Greenville Presbyterian Church (New York)
|Greenville Presbyterian Church|
East elevation and north profile of church and chapel (foreground), 2008
|Architectural type||church and chapel|
|Architectural style||Greek Revival|
|Direction of façade||East|
|U.S. National Register of Historic Places|
|Added to NRHP||March 28, 1985|
|NRHP Reference no.||85000657|
The Greenville Presbyterian Church is located on NY 32 just north of its intersection with NY 81 in Greenville, New York, United States. Its three buildings on two acres were listed on the National Register of Historic Places (NRHP) in 1985.
The church itself was established in 1790, the first non-Dutch church in the Catskill region. Its current building dates to 1860, and is a well-designed late example of the Greek Revival architectural style. The chapel and former school building, now part of the local library, were added in 1885 and 1906 respectively.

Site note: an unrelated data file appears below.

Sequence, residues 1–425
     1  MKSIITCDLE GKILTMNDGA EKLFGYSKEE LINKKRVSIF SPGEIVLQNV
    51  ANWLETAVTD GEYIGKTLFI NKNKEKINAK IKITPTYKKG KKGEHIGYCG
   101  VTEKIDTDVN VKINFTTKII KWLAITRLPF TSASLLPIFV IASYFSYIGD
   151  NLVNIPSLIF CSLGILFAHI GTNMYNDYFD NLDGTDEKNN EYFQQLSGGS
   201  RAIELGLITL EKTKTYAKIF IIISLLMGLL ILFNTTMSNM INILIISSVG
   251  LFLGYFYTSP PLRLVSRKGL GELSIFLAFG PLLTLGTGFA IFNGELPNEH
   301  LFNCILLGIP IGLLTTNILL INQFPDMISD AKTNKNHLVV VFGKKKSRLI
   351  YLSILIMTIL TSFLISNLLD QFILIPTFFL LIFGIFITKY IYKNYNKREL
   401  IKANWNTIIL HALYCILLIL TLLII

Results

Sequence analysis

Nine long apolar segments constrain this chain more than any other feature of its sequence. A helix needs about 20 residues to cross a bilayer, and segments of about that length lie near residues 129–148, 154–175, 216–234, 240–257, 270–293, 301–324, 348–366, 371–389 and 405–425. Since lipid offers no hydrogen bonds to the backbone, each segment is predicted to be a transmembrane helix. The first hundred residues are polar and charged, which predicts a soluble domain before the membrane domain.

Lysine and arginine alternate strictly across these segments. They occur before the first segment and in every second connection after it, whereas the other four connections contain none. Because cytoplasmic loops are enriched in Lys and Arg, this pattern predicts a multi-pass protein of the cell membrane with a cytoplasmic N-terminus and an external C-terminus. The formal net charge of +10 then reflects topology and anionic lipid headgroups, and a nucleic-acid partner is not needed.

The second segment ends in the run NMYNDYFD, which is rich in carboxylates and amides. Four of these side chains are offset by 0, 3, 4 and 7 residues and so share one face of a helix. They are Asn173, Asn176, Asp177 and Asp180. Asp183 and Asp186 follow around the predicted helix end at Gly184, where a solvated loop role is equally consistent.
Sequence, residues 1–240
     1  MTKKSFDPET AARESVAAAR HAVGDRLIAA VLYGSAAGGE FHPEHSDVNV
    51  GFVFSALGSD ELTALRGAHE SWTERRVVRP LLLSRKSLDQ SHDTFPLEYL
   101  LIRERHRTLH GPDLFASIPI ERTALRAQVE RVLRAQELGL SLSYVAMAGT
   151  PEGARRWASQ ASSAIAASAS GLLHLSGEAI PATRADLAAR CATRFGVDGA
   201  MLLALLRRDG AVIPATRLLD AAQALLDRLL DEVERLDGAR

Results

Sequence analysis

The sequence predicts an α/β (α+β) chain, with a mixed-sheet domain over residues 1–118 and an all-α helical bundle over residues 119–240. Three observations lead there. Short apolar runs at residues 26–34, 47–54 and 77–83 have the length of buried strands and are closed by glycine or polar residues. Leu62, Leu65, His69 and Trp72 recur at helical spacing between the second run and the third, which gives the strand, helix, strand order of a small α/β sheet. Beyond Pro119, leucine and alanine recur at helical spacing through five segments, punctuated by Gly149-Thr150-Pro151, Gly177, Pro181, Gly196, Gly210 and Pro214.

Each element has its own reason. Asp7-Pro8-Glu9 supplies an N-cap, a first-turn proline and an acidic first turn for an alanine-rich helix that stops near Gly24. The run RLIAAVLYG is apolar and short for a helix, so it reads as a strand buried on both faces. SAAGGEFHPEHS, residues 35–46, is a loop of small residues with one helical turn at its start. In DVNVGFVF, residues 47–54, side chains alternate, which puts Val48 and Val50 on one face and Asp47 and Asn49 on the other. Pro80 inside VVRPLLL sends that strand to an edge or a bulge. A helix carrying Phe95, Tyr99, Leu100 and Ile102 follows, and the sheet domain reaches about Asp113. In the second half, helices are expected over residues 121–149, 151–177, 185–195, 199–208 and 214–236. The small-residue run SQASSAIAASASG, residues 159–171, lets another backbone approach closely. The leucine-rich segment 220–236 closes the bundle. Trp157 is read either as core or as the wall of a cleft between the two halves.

There are three buildings considered contributing properties to the NRHP listing. All are located on a strip of land along the west side of Route 32 just north of the Route 81 intersection in the center of Greenville. To the immediate west is property owned by the Town of Greenville, and Greenville High School.
The church itself is a one-and-a-half-story structure on a stone foundation sided in clapboard on all sides save the east-facing front, done in flush board. That facade has square pillars and a pediment topped by a three-story tower with a belfry and octagonal gold-colored spire with weathervane. The tower's three sections all feature corner pilasters and overhanging eaves. A small stained glass window looks out from the front of the base section.